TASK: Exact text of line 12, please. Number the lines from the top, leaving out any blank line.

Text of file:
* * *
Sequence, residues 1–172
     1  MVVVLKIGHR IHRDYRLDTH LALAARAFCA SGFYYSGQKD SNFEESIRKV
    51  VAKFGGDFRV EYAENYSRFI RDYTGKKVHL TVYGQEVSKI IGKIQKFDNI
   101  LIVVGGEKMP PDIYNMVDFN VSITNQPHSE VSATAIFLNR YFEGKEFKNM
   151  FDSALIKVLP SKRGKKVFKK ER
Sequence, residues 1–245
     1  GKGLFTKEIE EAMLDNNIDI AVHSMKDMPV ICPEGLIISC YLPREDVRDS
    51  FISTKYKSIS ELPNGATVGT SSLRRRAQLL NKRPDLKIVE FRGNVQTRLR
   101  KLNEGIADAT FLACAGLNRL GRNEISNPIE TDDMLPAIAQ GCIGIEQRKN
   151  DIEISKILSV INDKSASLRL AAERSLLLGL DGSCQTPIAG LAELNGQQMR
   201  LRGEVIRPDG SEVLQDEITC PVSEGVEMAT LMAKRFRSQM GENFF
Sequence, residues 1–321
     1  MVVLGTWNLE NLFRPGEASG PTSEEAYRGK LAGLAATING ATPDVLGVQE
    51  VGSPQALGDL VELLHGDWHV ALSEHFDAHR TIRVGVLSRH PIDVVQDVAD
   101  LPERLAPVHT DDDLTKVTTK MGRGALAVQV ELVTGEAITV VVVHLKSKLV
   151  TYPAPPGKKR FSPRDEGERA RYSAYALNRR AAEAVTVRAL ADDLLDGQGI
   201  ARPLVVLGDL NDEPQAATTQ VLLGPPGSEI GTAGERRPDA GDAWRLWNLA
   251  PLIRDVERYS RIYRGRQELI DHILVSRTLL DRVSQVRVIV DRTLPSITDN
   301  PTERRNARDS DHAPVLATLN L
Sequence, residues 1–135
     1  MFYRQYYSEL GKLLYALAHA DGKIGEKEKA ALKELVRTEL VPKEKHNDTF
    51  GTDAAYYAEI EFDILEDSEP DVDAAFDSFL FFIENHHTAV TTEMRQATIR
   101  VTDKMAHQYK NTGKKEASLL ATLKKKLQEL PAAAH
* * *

Sequence, residues 1–321